Schurig: This is a good question. The composers I like most, we seldom play or do not play at all; I play in a concert orchestra, and we don’t play Bach, for example. I like Bach very much, more than anyone else. Of course, there are always pieces or symphonies by other composers to which I look forward very much, and I’m very happy when we play them once every few years.

Q: And besides Bach, are there other composers that you like?

Schurig: Oh, yes, Mozart, of course. He had an incredible spirit that he put into his music, one that you can feel again and again. His works were never just random compositions, and as far as I know, he never corrected what he wrote. And that’s very interesting, because many other composers revised their pieces several times. But his works were apparently created in a whole piece, out of one inspiration, and he couldn’t wait to write them down. Also, he always had too little time to write down the vastness that he had in his head or in his being. That’s why he could accomplish so much in such a short time and leave it all to us.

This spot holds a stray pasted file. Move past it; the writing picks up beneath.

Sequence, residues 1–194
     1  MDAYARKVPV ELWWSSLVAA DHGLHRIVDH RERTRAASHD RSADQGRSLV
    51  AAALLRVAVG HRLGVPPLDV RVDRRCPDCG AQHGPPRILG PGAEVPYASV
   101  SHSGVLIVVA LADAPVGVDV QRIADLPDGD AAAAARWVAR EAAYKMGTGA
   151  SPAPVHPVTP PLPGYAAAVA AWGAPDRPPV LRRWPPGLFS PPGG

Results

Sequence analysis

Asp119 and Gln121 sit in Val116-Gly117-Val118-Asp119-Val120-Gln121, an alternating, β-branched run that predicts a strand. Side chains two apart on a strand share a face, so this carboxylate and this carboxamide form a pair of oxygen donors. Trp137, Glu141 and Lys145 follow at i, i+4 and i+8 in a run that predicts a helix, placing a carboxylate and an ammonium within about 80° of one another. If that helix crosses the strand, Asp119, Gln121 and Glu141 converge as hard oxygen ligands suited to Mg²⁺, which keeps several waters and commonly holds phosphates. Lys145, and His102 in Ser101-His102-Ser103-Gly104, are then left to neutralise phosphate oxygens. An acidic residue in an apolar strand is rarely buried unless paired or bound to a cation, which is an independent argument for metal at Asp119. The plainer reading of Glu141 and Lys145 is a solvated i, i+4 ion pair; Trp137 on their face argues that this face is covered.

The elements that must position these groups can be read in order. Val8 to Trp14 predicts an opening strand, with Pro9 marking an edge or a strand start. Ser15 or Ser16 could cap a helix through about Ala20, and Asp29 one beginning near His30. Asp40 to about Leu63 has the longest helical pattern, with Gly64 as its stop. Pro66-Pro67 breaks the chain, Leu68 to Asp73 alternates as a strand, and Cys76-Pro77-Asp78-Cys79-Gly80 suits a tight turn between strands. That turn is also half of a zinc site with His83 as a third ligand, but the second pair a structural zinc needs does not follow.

Q: Which other composers do you especially like?

Schurig: I like some pieces by Tschaikovsky very much and love to play his Pathetique Symphony, and Bruckner’s works are also very beautiful.

Q: Anton Bruckner?

Schurig: Yes, Anton Bruckner. For example, the fourth symphony of Bruckner is something I think everyone should listen to, because it’s so beautiful, and the end of that piece — the last three minutes — are like coming from above. It’s simply divine, very, very calm. Listen to it, if you can. It’s very, very beautiful.

Q: How did you turn to spirituality? How did that happen?

Schurig: Yes, I can tell you. In order to learn an instrument, one needs to pay attention. One has to be quite diligent and have some discipline in order to learn the technique, to get into this musical world, because if you don’t have technique, you cannot go inside. After that, you should also have your own sound, which comes from your being, and it’s what you put into the music that you’re playing. For example, one pianist has a form of expression, strikes the keys in a different way than another pianist, so pianists are very different, and it’s always interesting to see when they come to us and they play a piano concerto by Mozart or Beethoven, how differently they play it, like with a soft, wonderful touch, or flowing, or hard.